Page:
On a “personal mission of giving back”

Michael and Linda Witte

As a second-year student in the College of Osteopathic Medicine and Surgery (COMS), now DMU, Michael Witte, D.O.’77, got involved in student government. So did his friend and classmate, Larry Baker, D.O.’77.

“Perhaps that participation spurred each of us to continue a relationship with the school since,” Dr. Witte says. “Larry followed in the footsteps of a previous board member and alumnus, Dr. Joseph Baker, his father, who served as his inspiration and mentor, much like Larry does for me.”

Both Dr. Baker and Dr. Witte have served as preceptors for DMU students and as members of the DMU Board of Trustees. Dr. Witte began taking on students and lecturing on campus after completing his medical training at Fitzsimmons Army Medical Center in Denver and then serving 10 years in the U.S. Army. Board-certified in internal, pulmonary and critical care medicine, he now is the chief executive officer, a pulmonologist and a critical care physician with CIC Associates in Des Moines, which he joined in 1987. In 2013, he joined the DMU Board of Trustees, was elected vice-chair in 2015 and is serving as chair for 2018-2020.

“I have watched with amazement the transformation of COMS into DMU as it integrated with the College of Podiatric Medicine and Surgery and the College of Health Sciences,” he says. “This renaissance has continued over the past seven years under the leadership of President Angela Franklin and her highly effective administrative staff and faculty.”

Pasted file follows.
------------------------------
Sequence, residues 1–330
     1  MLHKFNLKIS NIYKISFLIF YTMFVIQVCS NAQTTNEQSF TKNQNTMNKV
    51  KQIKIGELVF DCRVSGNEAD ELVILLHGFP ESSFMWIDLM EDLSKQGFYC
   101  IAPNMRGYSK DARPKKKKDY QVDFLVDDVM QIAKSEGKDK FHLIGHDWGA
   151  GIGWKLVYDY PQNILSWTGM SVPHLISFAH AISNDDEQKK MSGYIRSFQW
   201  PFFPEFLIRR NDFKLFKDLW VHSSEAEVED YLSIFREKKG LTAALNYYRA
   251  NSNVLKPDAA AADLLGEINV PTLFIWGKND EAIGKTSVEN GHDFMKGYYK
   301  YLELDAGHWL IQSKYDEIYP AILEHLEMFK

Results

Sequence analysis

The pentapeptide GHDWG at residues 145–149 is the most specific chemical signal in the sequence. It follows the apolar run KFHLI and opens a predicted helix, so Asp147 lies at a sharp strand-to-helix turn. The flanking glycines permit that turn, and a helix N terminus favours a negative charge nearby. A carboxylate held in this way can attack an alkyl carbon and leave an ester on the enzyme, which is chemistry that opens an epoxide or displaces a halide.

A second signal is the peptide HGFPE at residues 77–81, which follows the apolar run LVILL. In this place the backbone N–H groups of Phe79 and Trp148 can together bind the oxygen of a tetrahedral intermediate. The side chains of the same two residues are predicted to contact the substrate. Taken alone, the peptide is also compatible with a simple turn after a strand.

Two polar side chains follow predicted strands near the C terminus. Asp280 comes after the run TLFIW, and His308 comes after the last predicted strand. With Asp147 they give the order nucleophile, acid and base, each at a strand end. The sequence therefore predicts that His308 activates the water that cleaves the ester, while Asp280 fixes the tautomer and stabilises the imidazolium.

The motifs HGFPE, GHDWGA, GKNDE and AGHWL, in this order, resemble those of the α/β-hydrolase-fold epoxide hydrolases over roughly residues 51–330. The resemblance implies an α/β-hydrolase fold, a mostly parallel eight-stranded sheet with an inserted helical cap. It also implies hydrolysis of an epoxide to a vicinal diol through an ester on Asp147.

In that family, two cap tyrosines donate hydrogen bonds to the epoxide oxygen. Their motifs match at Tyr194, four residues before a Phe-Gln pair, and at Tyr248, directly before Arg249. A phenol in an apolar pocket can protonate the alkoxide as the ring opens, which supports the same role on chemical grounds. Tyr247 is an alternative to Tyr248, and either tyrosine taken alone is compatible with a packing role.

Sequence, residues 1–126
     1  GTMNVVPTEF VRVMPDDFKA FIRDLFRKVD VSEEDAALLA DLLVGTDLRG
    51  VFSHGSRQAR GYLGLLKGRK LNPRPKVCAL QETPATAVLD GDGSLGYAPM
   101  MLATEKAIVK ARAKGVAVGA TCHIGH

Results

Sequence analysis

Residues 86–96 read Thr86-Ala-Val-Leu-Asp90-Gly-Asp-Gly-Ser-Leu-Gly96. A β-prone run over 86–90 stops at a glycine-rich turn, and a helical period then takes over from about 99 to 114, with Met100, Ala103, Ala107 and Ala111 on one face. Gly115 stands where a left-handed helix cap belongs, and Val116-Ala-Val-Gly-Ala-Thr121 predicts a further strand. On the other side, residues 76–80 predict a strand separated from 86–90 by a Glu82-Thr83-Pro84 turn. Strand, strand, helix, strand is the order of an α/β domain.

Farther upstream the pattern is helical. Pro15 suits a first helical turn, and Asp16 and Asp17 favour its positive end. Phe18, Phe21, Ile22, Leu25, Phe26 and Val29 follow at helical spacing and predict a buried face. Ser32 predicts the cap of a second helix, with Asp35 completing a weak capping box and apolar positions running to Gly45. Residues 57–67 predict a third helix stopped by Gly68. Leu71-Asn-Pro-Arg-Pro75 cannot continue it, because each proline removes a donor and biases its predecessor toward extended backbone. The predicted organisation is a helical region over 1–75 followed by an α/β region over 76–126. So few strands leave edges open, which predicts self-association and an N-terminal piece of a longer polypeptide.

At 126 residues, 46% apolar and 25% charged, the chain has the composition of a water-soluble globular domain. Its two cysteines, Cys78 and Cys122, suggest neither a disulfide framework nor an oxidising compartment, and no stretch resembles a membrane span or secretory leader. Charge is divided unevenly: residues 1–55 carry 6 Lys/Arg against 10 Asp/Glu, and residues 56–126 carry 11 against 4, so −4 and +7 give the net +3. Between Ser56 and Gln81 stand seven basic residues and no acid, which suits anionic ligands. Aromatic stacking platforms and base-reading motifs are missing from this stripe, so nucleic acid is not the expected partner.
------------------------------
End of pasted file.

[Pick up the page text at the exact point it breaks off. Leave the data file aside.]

He’s also pleased with the role the University plays in discussions on critical health issues.

“DMU has become very relevant in the dialogue about state health care policy, in reducing unfair practices of attaining postgraduate education, and particularly in the advocacy for mental health accessibility and the transformation of the delivery of care for that orphan issue,” he says. “DMU is committing to this endeavor with people and capital, and our efforts are being recognized locally and at state and federal levels.”

That doesn’t mean the University can become complacent about its position. Needs such as physical plant maintenance and enhancement, technology upgrades, retention of outstanding faculty and increased scholarship funds underscore the priorities and importance of Purple & Proud: the Campaign for Des Moines University.

“When I graduated, COMS was one of eight osteopathic colleges. Now there are 34, and this means competition for the best applicants,” he says. “We need to be in a strong financial position to be able to effectively compete in this environment, and this goal can be achieved with an effective capital campaign.”

Dr. Witte and his wife, Linda, are leadership donors to Purple & Proud as members of the Founders Society, which honors donors of cumulative lifetime gifts of $100,000 and more. He explains their giving in the context of the career he’s enjoyed.

“To achieve a Founders Society level of giving that Linda and I committed to at the start of this campaign, I will have given less than 1 percent of my career earnings. This level of support could be considered a career-long goal for each alumnus,” he says. “I and all alumni should view our personal mission of giving back as an opportunity to support the institution that helped us achieve our dreams and as a way to help others to achieve their dreams.”

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